Sorry about that, I feel much better now. Well, I don’t really but I have to get through this. Now, I’m an atheist but the average Christian is fairly inoffensive, rarely forcing their views on anyone else and I’m always happy to enter into spirited debate with these people after which we can agree to disagree and have a pint together. There are occasions when I have made the unfortunate decision to debate with fundamentalists. This no longer happens as I’ve developed a kind of fundamendar, like gaydar except the fundamendar would like to have gaydar banned. I can quite easily spot them now because there is one major sign. The average fundamentalist will have an odd sense about them, you get the feeling straight away that something isn’t right. Then you look in there eyes and you hit on what it is. There’s a vacancy there, a sort of glossed over look like they’ve switched off part of their brain and are using a lot of their processing power to keep it switched off. The cause of this is that they are. They’ve become so steeped in this worldview that it takes over their life completely and all other things are completely meaningless apart from the will of their magic sky daddy. They are, however, still human so the urge for rationality and reason is always there and it takes a lot to keep this basic human need for inquiry completely suppressed. This vacant look is present throughout this film.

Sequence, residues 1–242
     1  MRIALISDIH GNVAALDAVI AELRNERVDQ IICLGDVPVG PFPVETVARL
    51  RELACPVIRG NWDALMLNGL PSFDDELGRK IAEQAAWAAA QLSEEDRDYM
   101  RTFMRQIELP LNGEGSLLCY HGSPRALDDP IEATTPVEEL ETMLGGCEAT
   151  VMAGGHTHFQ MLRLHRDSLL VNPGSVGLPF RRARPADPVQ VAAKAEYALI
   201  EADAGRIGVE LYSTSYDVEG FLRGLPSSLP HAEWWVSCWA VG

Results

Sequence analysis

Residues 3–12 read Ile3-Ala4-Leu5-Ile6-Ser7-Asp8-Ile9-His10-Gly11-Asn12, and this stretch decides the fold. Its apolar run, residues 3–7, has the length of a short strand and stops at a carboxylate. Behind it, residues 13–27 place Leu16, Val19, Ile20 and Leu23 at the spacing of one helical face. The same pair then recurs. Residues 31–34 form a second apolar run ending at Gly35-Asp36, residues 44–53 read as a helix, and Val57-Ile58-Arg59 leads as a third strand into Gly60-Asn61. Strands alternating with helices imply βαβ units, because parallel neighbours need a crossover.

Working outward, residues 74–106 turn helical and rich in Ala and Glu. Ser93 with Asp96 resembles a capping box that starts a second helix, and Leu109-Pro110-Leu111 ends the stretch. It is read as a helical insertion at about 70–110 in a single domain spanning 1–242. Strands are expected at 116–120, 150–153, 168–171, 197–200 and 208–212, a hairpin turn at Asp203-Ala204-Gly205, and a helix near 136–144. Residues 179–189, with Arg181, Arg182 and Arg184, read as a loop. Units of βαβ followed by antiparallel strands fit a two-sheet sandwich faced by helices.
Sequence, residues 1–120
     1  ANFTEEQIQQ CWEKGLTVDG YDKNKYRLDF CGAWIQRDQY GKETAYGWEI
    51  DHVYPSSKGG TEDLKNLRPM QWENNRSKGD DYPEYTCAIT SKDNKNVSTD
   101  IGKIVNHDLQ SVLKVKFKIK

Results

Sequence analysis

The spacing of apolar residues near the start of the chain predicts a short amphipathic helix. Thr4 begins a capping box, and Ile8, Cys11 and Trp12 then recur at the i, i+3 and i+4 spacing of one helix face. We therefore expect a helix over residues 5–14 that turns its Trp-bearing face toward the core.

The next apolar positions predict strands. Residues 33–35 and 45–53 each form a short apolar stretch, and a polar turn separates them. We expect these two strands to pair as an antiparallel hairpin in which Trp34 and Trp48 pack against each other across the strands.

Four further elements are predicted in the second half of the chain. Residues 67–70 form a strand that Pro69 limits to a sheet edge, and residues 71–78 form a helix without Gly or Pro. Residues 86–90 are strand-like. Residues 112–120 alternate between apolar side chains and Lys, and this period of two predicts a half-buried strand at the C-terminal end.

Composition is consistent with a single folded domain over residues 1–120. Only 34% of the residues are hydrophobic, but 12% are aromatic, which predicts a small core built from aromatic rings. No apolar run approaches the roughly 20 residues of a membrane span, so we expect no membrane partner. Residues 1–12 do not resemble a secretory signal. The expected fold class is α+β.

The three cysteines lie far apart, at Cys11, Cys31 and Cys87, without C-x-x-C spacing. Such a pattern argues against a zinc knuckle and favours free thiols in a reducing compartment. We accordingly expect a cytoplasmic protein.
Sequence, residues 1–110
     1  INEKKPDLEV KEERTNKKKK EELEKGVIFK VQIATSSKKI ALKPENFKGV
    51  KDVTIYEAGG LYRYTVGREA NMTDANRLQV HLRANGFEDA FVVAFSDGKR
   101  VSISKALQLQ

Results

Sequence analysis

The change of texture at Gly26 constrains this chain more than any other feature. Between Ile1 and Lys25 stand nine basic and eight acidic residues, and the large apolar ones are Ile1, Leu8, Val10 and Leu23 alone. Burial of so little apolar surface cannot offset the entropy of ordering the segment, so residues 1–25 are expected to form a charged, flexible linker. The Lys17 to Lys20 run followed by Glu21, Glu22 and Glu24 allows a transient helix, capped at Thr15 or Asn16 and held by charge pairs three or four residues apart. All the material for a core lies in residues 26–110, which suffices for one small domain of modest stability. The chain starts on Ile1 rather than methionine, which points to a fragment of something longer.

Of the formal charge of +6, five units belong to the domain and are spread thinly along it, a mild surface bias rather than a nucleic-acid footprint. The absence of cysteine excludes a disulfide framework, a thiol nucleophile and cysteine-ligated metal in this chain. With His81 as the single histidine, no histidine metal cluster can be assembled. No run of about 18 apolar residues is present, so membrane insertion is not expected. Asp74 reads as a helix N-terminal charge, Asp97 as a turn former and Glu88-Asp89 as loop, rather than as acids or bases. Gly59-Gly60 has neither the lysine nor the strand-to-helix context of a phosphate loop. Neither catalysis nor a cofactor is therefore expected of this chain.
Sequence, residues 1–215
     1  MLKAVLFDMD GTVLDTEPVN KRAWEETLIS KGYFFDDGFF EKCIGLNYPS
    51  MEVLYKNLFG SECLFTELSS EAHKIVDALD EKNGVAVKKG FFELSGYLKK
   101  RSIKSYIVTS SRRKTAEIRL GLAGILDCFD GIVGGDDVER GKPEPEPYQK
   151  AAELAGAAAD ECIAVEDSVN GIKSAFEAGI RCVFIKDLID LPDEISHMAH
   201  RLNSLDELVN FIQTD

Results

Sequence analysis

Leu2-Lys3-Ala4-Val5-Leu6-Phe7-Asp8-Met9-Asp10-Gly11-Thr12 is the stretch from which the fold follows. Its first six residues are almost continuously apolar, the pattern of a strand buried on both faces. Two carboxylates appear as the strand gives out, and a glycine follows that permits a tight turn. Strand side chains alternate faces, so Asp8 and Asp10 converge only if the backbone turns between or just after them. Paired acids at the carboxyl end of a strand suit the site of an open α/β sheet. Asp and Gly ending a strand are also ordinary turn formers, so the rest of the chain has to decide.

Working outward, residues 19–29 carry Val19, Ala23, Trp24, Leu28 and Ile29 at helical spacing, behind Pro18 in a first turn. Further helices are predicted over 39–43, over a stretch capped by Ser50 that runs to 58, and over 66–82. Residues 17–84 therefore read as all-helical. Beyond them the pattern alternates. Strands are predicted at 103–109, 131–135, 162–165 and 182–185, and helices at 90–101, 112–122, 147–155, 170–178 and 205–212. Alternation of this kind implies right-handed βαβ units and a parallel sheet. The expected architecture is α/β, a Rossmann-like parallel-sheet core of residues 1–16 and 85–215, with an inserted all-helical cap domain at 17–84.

There is some humour within this film, albeit unintentional. The film features one Ted Haggard, the president of the National Association of Evangelicals (at the time), giving a sermon about what the bible teaches about homosexuality and actually making jokes about one of the documentary team being unfaithful to his wife. If you don’t understand why this is funny, please refer yourself to this old video which I made years ago. Please excuse the typos: